Mortgage Fraud by hcj

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									White Paper on REALTORS®, Home Warranty Companies, and RESPA By Seth G. Weissman, GAR General Counsel A recent letter written by a HUD assistant general counsel suggests that marketing and administrative services agreements between REALTORS® and Home Warranty Companies (“HWC’s”), in general, likely constitute violations of RESPA. While the letter is an unofficial staff interpretation of RESPA, and therefore not binding upon any settlement service provider, it has prompted a firestorm in the REALTOR® community since such agreements between HWC’s and REALTORS® are fairly common. NAR has written a 14-page letter to the secretary of HUD, urging, among other things, that the letter be withdrawn for further consideration. In light of the abrupt change in the legal landscape regarding agreements between HWC’s and real estate brokers and agents, REALTORS® in Georgia should review their practices in this area and decide, depending on their tolerance for risk, whether changes in their current agreements with HWC’s are appropriate. BACKGROUND Real estate closings involve any number of what are known as “settlement service providers” including closing attorneys, mortgage lenders, home inspectors, surveyors, appraisers, and title insurers and home warranty companies. Home warranties are an increasingly standard protection sought by home buyers as part of the closing process. Real estate agents and brokers are often responsible for performing a variety of services related to the marketing and/or issuance of home warranties and agents and/or brokers are normally paid a fee by HWC’s for performing these services. The letter from the HUD assistant general counsel has called into question the legality of these arrangements, citing Section 8 of RESPA. RESPA regulates real estate settlement procedures, and these regulations apply to all settlement service providers, including real estate brokers, agents and HWC’s. Section 8 of RESPA concerns kickbacks and referral fees between such service providers. In general, any fee paid by one service provider to another, for the referral of settlement services business, is a violation of Section 8. The only formal opinion of HUD on the arrangements between HWC’s and real estate agents and brokers was issued on November 15, 1996 by Nelson A. Diaz, who was secretary of HUD at the time. Mr. Diaz’s letter read, in part, as follows: “A home warranty is a settlement service covered by RESPA. The RESPA regulations do not prohibit a person [e.g., a REALTOR®] from receiving more than one fee in the transaction. However …the payment must be for services that are actual, necessary and distinct from the services provided by such person. Additionally, the fee itself must be reasonably related to services actually performed.” Based on this opinion, REALTORS® and HWC’s have entered into a variety of different types of marketing and administrative agreements.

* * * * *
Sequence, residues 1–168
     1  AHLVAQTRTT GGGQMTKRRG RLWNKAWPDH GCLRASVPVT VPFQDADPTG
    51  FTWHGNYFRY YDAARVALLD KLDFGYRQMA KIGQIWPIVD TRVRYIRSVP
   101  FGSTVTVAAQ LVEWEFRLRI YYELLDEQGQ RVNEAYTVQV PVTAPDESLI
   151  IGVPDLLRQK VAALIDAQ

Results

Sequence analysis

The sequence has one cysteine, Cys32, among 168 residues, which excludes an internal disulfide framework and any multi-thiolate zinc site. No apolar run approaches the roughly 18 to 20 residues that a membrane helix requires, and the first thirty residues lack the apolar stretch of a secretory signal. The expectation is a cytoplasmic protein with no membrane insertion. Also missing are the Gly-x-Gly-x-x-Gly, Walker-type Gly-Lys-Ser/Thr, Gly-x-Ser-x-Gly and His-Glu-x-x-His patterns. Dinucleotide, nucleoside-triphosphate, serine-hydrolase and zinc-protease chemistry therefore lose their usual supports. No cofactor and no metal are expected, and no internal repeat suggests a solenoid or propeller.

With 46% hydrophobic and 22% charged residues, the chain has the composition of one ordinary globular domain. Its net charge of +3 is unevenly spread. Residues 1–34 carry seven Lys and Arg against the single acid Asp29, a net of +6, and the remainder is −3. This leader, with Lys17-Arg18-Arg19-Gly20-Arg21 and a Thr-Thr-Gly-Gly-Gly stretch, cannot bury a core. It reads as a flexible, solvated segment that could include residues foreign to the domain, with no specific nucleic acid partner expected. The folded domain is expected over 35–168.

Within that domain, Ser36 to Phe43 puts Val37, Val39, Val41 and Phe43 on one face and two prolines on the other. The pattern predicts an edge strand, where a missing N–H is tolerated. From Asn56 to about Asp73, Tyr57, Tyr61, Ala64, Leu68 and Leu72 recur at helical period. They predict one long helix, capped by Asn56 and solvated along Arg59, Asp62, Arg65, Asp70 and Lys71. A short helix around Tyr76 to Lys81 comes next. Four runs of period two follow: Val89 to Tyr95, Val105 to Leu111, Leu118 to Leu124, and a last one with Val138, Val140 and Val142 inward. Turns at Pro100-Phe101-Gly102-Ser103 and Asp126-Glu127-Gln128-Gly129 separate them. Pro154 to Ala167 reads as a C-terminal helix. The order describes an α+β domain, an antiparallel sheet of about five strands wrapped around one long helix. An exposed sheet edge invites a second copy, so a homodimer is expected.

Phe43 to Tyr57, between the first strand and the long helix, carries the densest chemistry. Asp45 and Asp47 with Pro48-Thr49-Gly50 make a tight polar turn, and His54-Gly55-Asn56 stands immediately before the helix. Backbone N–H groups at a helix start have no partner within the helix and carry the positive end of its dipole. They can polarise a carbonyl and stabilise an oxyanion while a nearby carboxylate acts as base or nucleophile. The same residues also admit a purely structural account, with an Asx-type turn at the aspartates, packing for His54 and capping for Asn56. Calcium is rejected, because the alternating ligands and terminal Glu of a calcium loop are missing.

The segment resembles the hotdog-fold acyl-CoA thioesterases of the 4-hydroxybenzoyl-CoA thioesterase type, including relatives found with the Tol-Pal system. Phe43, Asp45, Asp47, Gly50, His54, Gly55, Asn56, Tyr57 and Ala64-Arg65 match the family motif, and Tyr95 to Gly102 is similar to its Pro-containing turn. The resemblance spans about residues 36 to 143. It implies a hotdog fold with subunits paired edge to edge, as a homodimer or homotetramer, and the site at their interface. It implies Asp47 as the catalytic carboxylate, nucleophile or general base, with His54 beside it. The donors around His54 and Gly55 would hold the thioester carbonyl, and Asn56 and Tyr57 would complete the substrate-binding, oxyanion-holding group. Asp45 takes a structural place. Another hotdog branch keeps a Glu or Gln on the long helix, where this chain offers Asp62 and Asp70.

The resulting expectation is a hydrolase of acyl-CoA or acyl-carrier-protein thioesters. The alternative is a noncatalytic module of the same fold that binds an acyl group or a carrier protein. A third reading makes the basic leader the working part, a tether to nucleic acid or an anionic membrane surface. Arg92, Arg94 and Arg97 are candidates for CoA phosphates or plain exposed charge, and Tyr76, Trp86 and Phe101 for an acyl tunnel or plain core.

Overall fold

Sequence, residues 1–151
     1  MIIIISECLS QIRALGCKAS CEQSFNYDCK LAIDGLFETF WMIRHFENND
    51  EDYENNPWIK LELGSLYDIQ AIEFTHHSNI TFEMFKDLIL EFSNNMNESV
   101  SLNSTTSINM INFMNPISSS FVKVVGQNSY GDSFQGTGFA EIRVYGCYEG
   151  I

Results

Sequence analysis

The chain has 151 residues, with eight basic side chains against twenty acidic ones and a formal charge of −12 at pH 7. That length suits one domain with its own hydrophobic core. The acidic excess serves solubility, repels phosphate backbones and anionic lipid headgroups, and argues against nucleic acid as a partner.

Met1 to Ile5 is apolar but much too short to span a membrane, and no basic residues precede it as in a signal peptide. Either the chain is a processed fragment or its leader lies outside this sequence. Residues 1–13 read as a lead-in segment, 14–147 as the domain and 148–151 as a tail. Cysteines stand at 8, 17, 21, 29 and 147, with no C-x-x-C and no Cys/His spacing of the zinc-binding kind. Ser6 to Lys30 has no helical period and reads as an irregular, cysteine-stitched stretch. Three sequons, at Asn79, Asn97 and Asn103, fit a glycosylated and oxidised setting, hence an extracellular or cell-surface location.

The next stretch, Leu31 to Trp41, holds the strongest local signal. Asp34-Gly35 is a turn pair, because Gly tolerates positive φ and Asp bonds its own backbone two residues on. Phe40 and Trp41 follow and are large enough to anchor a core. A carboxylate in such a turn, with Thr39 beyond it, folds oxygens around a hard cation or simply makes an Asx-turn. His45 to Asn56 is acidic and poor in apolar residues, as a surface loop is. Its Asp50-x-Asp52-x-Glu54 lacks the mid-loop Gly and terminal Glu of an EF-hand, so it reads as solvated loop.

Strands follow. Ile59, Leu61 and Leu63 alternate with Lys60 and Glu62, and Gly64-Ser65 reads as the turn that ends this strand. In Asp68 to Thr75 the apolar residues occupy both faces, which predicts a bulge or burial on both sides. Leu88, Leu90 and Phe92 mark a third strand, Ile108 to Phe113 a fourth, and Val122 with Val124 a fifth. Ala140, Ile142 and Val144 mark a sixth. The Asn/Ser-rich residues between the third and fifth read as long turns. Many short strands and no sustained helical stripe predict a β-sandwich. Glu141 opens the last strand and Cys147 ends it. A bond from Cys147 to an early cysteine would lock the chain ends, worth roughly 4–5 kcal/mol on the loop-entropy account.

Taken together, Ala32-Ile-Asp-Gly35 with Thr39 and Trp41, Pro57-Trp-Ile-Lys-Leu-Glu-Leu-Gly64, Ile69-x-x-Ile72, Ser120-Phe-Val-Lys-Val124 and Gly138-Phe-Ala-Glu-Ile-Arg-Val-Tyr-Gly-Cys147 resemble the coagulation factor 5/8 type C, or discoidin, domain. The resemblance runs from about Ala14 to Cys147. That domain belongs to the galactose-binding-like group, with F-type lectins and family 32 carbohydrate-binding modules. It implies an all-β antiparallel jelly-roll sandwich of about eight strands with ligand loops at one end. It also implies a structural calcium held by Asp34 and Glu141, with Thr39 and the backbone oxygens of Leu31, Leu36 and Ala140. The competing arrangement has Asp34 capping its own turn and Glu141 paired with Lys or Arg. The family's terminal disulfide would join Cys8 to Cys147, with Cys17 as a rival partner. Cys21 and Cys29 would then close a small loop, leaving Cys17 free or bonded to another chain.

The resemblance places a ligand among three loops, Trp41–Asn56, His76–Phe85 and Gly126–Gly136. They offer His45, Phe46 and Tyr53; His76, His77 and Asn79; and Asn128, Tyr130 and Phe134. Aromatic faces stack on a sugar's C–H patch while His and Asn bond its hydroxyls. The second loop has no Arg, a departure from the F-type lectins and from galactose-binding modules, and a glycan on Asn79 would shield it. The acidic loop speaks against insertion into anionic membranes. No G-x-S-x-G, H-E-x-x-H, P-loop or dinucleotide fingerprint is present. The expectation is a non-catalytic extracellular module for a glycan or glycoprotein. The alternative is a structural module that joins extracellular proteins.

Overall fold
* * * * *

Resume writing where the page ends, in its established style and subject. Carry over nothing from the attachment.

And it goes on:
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The majority of the agreements between REALTORS® and HWC’s are either “marketing agreements” or “administrative services agreements.” As NAR pointed out in its letter, HWC’s have entered into marketing agreements with real estate brokers under which the broker is required to perform a number of general advertising and promotional services on behalf of the HWC on an ongoing basis, that are separate and distinct from real estate brokerage services. These include the following:  marketing and promoting the HWC, its products, policies and services to the broker's customers and agents through the broker's advertisements, publications and other materials, and specifically include the HWC's name and logo in such materials; assisting the HWC in preparing advertisements, pamphlets, brochures, flyers and other marketing and promotional materials that the HWC will target towards and distribute to the broker's agents; permitting the HWC to advertise and promote its products in the broker's publications, including newsletters, articles for publication and other written materials; displaying the HWC's signage, advertisements, pamphlets, brochures, flyers, and other marketing and promotional materials at all broker locations and open houses, and use commercially reasonable efforts to cause its agents to do the same; making the HWC's advertisements, pamphlets, brochures, flyers, and other marketing and promotional materials outlining pertinent information about the HWC's products available to the broker's customers and agents at broker-sponsored events; providing the HWC with access to and sponsorship credit and recognition at broker-sponsored events for agents;  using commercially reasonable efforts to cause its agents to market, promote and advertise the HWC's products and request that they distribute information concerning the HWC's products to prospective providing the HWC with access to its sales meetings so that the HWC may offer updates and explain warranty products and policies to agents, assist the HWC in coordinating any such presentations, and use commercially reasonable efforts to cause its agents to do the same; making additional times available for the HWC to conduct educational training, and use commercially reasonable efforts to cause its agents to do the same; including voice promotion messages for the HWC on telephone lines when callers are on hold; including information about the HWC's products and services on the broker's website, including banner advertisements and links to the HWC's web page; providing the HWC with mailing lists for offices and agents; incorporating into Listing and Purchase Agreements a clause providing the option to purchase a home warranty product or waive the right to purchase a home warranty product in such agreements, where permissible;

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including a HWC product application in seller and buyer information packets; meeting periodically with HWC representatives to review the parties' performance under the marketing agreement; and monitoring claims and loss experience to manage risks and adverse selection of homes with the HWC's home warranties.